Bournemouth, Poole and Christchurch shouldn’t merge to become one city, according to Poole councillor Mike Brooke and Poole council leader Elaine Atkinson.
Brooke warned that the three areas have significant economic and political differences and that the identity and uniqueness of each could be compromised if they merged.
“I’m not clear on what the advantages would be,” he said. “Poole is a very different town from Bournemouth. It has a relatively balanced economy made up of high-tech firms, the port and engineering, whilst Bournemouth is more dependent on tourism.”
He also pointed out that the towns are already linked by the Three Towns transport network as well as the Dorset Local Enterprise Network.
Elaine Atkinson, the leader of the council, also disagreed with the idea. She said Poole residents are proud of their own city.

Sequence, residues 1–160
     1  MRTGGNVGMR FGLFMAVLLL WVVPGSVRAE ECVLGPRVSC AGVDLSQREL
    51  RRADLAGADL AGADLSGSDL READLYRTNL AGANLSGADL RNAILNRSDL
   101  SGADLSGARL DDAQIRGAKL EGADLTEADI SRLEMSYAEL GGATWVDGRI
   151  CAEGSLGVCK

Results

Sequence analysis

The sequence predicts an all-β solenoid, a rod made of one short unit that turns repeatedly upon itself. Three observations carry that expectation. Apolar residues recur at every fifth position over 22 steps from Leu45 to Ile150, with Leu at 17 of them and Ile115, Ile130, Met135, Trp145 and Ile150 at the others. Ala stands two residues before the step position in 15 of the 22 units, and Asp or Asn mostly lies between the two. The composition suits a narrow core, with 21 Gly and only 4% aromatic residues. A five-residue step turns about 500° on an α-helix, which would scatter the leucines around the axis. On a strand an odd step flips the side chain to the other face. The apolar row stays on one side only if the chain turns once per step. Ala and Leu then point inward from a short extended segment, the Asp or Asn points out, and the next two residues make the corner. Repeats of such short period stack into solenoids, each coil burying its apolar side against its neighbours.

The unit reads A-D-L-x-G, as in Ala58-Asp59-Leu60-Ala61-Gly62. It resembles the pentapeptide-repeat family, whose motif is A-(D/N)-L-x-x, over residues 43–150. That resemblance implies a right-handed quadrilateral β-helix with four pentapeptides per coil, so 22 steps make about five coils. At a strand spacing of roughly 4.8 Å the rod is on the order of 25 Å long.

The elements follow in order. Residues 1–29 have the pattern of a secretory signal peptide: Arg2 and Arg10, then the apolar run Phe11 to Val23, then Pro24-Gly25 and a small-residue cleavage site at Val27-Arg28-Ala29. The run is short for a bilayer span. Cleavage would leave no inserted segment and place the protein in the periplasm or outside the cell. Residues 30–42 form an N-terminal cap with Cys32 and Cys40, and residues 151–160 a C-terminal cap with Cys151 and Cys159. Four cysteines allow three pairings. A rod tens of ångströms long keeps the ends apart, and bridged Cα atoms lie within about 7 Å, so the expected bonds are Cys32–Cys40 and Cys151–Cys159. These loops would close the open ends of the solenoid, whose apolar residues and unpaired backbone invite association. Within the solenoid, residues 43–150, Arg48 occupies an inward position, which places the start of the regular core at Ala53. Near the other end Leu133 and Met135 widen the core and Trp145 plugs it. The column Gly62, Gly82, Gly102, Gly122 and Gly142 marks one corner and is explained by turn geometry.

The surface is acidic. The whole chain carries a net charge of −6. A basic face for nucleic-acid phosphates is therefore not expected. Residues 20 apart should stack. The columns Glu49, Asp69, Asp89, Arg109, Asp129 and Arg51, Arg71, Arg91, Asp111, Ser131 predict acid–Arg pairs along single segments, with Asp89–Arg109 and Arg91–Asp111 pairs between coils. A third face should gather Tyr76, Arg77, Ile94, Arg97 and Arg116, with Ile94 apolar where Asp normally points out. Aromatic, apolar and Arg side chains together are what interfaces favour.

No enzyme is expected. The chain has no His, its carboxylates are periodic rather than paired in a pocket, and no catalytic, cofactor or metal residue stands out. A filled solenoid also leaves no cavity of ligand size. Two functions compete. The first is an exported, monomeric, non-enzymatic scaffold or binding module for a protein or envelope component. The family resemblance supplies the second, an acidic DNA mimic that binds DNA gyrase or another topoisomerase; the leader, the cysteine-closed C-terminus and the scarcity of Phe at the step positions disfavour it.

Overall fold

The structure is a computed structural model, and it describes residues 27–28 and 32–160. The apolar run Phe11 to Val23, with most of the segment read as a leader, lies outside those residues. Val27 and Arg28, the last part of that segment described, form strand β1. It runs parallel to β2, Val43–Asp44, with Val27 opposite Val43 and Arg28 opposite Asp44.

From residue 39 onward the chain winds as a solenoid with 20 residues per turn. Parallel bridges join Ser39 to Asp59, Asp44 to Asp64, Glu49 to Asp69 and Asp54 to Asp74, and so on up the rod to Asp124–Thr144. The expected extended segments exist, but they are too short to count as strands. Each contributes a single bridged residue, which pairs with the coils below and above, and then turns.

Opponents of the idea refer to it as “Wessex City”, whilst those who support it say that the region has the potential to become the “Greater Manchester” of the south.
Campaign group ‘Uniting the conurbation’ repeated calls for the councils to unite as one local authority at a public meeting on Monday. Professor Gerry Stoker from Southampton University set out the potential benefits to an audience of councillors, businesspeople and residents. In its manifesto, the group says coming together will attract more investment and promote tourism.
The idea for merging the three towns was first raised in the 1990s but faced strong opposition. The latest campaign was launched at the end of 2012. More than 380,000 people live in Bournemouth, Poole and Christchurch with 120 councillors between them.